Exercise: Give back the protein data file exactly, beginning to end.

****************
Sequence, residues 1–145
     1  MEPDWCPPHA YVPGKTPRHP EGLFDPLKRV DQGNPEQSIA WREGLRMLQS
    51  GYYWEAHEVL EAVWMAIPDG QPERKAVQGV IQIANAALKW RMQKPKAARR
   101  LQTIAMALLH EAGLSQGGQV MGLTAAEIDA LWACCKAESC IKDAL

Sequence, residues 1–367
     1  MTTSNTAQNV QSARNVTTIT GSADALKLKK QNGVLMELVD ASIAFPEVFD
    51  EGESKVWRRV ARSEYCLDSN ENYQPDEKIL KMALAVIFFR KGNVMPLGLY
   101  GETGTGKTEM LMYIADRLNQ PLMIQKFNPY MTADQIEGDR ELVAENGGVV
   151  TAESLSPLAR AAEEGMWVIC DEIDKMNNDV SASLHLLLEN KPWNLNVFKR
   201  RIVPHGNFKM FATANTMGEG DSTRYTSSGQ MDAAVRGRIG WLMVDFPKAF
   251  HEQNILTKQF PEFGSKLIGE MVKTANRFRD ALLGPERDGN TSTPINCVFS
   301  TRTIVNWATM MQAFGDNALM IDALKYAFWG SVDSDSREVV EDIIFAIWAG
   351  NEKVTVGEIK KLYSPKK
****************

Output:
Sequence, residues 1–145
     1  MEPDWCPPHA YVPGKTPRHP EGLFDPLKRV DQGNPEQSIA WREGLRMLQS
    51  GYYWEAHEVL EAVWMAIPDG QPERKAVQGV IQIANAALKW RMQKPKAARR
   101  LQTIAMALLH EAGLSQGGQV MGLTAAEIDA LWACCKAESC IKDAL

Sequence, residues 1–367
     1  MTTSNTAQNV QSARNVTTIT GSADALKLKK QNGVLMELVD ASIAFPEVFD
    51  EGESKVWRRV ARSEYCLDSN ENYQPDEKIL KMALAVIFFR KGNVMPLGLY
   101  GETGTGKTEM LMYIADRLNQ PLMIQKFNPY MTADQIEGDR ELVAENGGVV
   151  TAESLSPLAR AAEEGMWVIC DEIDKMNNDV SASLHLLLEN KPWNLNVFKR
   201  RIVPHGNFKM FATANTMGEG DSTRYTSSGQ MDAAVRGRIG WLMVDFPKAF
   251  HEQNILTKQF PEFGSKLIGE MVKTANRFRD ALLGPERDGN TSTPINCVFS
   301  TRTIVNWATM MQAFGDNALM IDALKYAFWG SVDSDSREVV EDIIFAIWAG
   351  NEKVTVGEIK KLYSPKK